Elder abuse can involve violence, psychological trauma, isolation, abandonment, confinement, neglect and theft. These acts are criminal if perpetrated against a person of any age, but if the victim is 65 years or older, the penalties are stiffer.
Abuse may be at the hands of a stranger, a significant other, a relative or a professional, such as a nurse, accountant or member of the clergy. When an offender is in a position of trust, the abuse may be more difficult to detect because the senior may be unwilling to report a family member or be afraid to denounce a caregiver. In addition, a victim may really believe in a fraudulent church, charity or friend to which she or he has donated money and is often more susceptible to investment and prize-winning scams.
After learning of your loved one’s abuse, your first reaction is likely one of shock, especially if you trusted the person or organization responsible for the abuse. However, you are not alone. These resources can help you take the appropriate actions to protect your loved one from further harm:
- California Department of Social Services (CDSS) can give you more information about elder abuse and provide referrals to agencies in your area.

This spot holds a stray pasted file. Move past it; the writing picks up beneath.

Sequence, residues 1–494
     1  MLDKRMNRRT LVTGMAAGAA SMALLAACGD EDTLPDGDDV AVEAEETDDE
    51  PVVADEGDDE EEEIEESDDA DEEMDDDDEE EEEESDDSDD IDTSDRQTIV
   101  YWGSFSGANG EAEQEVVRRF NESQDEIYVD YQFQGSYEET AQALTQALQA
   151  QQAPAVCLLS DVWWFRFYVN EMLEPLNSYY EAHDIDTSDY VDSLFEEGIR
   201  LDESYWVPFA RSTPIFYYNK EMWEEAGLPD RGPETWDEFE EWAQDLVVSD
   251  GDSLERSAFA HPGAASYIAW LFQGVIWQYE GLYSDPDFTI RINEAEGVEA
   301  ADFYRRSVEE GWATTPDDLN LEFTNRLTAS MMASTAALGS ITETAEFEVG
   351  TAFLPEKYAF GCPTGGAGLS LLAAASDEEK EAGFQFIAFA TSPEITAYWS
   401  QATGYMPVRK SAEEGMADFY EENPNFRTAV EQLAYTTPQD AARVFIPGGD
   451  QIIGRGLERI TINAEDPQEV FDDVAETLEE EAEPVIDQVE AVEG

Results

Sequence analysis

- The Santa Clara County Department of Aging and Adult Services investigates allegations of elder neglect and abuse and can respond immediately to emergency situations.
- If you live far from your elderly loved one, the police department or sheriff’s office can make well-being checks upon your request.
- The California Department of Public Health’s Licensing and Certification Program handles reports of abuse at hospitals, nursing homes, assisted living facilities and health clinics.
- A Palo Alto elder abuse attorney can explain your loved one’s entitlement to compensation for the damages resulting from the abuse.